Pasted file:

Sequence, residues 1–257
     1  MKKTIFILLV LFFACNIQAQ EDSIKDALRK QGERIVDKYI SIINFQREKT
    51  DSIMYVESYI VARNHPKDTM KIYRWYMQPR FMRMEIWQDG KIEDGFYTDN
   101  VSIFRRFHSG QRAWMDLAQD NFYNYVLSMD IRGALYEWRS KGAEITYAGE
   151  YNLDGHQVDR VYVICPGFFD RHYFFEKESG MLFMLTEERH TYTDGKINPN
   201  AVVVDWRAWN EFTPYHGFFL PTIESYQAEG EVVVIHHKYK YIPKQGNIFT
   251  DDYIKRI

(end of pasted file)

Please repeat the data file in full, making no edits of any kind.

Sequence, residues 1–257
     1  MKKTIFILLV LFFACNIQAQ EDSIKDALRK QGERIVDKYI SIINFQREKT
    51  DSIMYVESYI VARNHPKDTM KIYRWYMQPR FMRMEIWQDG KIEDGFYTDN
   101  VSIFRRFHSG QRAWMDLAQD NFYNYVLSMD IRGALYEWRS KGAEITYAGE
   151  YNLDGHQVDR VYVICPGFFD RHYFFEKESG MLFMLTEERH TYTDGKINPN
   201  AVVVDWRAWN EFTPYHGFFL PTIESYQAEG EVVVIHHKYK YIPKQGNIFT
   251  DDYIKRI